Chair of the Public Accounts Committee, Margaret Hodge, has questioned why the BBC's chief technology officer, John Linwood, has been the only person suspended over a failed £98 million digital project, claiming that more than one BBC manager was to blame.

It was revealed last month that Linwood was suspended after the BBC closed the curtain on its Digital Media Initiative, which was aimed at creating a digital production system that transformed the way staff developed, used and shared video and audio content.

BBC chief Tony Hall has said that the organisation had wasted a "huge amount of licence fee payers' money".

MPs have now accused the BBC of misleading parliament over the "catastrophic" project, reports the Guardian, claiming that its former director general, Mark Thompson, gave evidence to parliament in 2011 that "just wasn't true".

Thompson, now chief executive of the New York Times, is likely to be recalled to parliament to explain why he told MPs two years ago that DMI was "out in the business", that there were "many programmes being made with DMI" and that it had contributed to on-air broadcasts.

Margaret Hodge said that what really 'shook' her was that Thompson had claimed that there were parts of the system that were working when it 'just wasn't true'. She recalled a letter sent to the BBC Trust in May last year by Bill Garrett, an ex-head of technology for BBC Vision, who described Thompson's evidence to parliament and the NAO report in 2011 and "exceedingly misleading".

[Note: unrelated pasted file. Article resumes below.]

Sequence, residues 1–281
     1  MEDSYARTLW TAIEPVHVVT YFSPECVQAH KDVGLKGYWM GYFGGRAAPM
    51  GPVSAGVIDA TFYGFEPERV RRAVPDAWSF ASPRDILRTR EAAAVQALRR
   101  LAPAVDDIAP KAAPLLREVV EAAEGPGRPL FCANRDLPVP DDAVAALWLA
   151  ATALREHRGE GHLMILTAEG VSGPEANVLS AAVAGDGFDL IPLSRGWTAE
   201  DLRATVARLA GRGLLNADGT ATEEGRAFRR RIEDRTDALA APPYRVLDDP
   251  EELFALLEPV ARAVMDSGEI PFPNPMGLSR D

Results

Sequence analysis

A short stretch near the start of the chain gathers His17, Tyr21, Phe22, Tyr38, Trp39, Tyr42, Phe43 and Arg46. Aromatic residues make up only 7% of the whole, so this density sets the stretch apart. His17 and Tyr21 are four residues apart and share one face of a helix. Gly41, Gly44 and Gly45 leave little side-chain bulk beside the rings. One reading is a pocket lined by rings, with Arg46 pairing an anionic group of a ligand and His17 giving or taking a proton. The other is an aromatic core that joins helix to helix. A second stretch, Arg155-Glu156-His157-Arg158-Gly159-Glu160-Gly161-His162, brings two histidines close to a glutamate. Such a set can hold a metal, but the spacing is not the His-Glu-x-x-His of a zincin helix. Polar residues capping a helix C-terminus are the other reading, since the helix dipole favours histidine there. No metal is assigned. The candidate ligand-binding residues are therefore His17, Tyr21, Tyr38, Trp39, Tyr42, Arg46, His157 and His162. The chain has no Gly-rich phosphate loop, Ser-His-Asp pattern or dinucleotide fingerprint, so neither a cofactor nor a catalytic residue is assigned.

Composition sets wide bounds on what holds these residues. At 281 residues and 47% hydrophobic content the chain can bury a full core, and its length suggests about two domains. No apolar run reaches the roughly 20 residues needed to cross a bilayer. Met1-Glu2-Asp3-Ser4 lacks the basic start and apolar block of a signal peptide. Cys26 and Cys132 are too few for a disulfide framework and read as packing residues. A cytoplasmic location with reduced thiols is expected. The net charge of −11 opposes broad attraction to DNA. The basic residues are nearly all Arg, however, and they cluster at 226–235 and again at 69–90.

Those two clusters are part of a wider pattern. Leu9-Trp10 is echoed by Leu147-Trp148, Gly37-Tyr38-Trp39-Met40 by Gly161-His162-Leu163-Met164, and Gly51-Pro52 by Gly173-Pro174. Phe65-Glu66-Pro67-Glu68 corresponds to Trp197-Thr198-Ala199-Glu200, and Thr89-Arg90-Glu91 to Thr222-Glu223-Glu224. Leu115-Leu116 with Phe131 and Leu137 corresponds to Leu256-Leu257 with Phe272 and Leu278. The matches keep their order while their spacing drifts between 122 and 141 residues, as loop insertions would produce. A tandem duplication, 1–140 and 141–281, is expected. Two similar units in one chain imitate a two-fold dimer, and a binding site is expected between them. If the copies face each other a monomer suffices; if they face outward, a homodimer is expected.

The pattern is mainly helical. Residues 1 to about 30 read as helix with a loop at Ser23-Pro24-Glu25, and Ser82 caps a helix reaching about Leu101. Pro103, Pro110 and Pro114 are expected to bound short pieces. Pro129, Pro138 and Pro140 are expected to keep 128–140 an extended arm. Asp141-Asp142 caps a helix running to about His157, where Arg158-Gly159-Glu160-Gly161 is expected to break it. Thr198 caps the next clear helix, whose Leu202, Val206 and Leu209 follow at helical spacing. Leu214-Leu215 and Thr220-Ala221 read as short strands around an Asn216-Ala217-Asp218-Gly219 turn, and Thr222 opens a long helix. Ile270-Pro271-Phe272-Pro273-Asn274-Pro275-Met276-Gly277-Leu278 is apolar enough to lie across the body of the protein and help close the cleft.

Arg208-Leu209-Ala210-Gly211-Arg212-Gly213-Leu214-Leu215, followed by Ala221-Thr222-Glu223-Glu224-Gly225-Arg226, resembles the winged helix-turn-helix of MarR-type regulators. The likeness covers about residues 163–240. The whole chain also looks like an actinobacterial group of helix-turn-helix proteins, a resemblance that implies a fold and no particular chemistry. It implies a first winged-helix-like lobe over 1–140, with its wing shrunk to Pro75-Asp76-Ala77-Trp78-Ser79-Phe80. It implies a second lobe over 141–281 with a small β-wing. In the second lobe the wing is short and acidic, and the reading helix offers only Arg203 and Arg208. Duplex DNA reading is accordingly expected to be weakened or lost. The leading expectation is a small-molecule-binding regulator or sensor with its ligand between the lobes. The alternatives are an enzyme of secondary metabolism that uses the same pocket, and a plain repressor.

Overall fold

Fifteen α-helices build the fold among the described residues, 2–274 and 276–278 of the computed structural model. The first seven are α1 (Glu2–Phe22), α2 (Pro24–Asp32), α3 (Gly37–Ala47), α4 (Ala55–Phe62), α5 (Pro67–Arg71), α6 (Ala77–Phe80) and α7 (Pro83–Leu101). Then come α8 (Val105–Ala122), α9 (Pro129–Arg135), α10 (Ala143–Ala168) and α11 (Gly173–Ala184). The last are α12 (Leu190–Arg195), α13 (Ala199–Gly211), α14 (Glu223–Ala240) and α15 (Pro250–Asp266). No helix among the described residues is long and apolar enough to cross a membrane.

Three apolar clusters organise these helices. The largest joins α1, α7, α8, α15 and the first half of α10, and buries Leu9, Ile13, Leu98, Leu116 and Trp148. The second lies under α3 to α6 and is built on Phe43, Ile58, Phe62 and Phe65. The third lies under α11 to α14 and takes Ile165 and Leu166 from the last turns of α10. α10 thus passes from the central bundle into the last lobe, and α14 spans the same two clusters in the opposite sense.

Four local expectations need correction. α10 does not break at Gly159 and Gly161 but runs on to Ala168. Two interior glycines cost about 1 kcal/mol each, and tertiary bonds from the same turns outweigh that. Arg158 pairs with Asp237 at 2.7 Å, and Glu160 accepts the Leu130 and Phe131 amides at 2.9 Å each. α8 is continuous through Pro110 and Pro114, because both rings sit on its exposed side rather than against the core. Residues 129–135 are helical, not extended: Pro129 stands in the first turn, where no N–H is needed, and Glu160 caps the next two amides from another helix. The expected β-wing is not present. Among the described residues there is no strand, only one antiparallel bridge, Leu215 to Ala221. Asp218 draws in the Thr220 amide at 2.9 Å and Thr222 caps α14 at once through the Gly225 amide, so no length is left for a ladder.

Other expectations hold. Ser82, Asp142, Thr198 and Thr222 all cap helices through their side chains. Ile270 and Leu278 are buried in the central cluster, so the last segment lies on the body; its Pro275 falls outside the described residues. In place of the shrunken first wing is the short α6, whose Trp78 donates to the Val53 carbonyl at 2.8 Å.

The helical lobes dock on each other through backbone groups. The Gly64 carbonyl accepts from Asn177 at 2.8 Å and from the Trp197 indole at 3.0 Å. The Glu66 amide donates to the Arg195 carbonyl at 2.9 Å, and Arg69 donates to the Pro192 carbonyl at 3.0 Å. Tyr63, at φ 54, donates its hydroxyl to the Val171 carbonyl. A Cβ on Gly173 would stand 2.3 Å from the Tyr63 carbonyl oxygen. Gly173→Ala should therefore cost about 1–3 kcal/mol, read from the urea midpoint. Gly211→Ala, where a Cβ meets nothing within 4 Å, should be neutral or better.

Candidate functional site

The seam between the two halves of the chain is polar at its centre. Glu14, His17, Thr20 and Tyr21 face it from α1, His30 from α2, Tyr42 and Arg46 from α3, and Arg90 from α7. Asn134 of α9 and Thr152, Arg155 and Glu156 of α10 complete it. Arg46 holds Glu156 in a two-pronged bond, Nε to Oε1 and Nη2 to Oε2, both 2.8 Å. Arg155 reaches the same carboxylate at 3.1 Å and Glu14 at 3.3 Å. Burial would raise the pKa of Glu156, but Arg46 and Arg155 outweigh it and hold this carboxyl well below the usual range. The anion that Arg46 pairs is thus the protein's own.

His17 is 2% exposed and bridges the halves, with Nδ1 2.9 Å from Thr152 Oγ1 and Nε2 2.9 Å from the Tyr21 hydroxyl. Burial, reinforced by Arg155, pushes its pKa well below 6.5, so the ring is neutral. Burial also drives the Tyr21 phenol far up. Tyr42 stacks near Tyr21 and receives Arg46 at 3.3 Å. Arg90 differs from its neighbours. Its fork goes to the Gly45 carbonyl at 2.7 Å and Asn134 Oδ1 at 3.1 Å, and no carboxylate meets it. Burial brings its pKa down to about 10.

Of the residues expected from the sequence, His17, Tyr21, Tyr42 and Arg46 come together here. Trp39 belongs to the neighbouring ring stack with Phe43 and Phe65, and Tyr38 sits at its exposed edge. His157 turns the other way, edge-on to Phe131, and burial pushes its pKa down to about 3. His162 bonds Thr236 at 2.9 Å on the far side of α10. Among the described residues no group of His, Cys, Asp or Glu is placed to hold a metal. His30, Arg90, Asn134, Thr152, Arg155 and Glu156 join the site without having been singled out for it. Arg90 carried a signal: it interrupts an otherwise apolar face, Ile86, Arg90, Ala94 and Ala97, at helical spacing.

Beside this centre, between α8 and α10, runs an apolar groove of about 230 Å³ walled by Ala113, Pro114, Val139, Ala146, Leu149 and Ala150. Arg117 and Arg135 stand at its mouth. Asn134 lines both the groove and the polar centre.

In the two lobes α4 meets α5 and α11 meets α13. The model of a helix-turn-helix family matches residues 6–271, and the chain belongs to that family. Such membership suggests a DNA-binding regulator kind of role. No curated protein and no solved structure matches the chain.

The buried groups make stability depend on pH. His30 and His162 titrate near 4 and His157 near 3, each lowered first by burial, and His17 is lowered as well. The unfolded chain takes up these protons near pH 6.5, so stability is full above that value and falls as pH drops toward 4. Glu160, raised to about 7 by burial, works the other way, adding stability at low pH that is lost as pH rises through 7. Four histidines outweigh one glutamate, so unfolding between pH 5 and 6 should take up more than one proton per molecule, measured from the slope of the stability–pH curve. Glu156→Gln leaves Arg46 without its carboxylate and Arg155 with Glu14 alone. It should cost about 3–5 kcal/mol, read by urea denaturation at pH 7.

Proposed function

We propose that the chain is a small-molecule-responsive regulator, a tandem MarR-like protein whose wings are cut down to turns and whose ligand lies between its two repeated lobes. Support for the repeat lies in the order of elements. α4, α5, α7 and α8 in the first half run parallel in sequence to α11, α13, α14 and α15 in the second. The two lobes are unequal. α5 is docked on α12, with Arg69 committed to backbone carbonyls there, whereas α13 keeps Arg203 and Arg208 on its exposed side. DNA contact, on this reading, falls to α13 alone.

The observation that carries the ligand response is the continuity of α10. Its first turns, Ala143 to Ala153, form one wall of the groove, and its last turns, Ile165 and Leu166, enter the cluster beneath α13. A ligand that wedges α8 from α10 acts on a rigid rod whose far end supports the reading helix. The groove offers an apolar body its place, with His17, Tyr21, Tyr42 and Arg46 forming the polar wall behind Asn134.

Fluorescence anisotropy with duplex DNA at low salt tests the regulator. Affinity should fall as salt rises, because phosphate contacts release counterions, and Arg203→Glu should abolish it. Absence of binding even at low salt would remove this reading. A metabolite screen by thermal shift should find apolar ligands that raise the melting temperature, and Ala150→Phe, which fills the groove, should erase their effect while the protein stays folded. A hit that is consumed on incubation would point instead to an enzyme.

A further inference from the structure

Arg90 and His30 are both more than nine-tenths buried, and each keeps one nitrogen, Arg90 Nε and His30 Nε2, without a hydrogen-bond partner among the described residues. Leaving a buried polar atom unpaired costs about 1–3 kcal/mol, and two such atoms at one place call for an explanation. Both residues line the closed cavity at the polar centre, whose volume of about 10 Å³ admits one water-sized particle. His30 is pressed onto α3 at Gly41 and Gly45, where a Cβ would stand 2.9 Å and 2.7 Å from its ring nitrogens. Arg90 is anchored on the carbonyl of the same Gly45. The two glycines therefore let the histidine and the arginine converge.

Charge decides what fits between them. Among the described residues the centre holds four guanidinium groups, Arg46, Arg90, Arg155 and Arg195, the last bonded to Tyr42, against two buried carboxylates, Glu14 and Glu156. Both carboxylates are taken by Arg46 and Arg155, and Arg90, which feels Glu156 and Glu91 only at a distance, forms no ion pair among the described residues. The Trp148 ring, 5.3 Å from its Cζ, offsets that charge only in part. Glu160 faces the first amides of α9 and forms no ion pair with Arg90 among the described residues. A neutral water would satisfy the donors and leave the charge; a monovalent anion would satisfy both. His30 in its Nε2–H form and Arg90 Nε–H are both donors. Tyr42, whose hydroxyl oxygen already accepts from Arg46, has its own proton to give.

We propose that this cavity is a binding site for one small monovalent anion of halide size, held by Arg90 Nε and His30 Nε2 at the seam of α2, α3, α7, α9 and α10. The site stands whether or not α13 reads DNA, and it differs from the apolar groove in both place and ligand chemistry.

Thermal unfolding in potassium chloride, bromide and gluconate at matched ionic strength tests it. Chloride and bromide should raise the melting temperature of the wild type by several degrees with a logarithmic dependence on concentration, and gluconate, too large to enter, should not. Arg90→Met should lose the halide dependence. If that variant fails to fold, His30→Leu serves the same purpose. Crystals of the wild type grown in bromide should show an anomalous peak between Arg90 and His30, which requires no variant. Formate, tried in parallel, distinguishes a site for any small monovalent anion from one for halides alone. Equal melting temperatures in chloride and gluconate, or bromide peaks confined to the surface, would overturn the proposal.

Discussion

Hodge said: "So Mr Thompson told us that things were already being used because of this great agile project; then Mr Garrett told us that was not true. Therefore the evidence given to us was not correct at that time and had you given us the correct evidence we might have come to a very different view to the one we came to when we looked at this."

Margaret Hodge is now questioning why only Linwood has been asked to step down from his post whilst both the BBC and PwC investigate the project. She believes that more than one manager must be responsible and should be held accountable.

Hodge said: "Never let it be said that I'm a conspiracy theorist: This is more than one individual to get to that stage where there are assertions at committee - we gave you a green light on information.

"I know you've suspended one individual - but my conspiracy theory would be that there is more than one involved."

Prior to Linwood, the DMI project was led by Erik Huggers, the ex-director of BBC future, media and technology, who reported to Caroline Thomson, the corporation's former chief operating officer. Ashley Highfield was chief technology officer when the project was commissioned, but went on to work at Microsoft and later became CEO of Johnston Press. Thomson, who left the BBC in September with a £670,000 payout, has agreed to give evidence to the corporation review being conducted by PwC.

It is expected that the review is likely to report in September.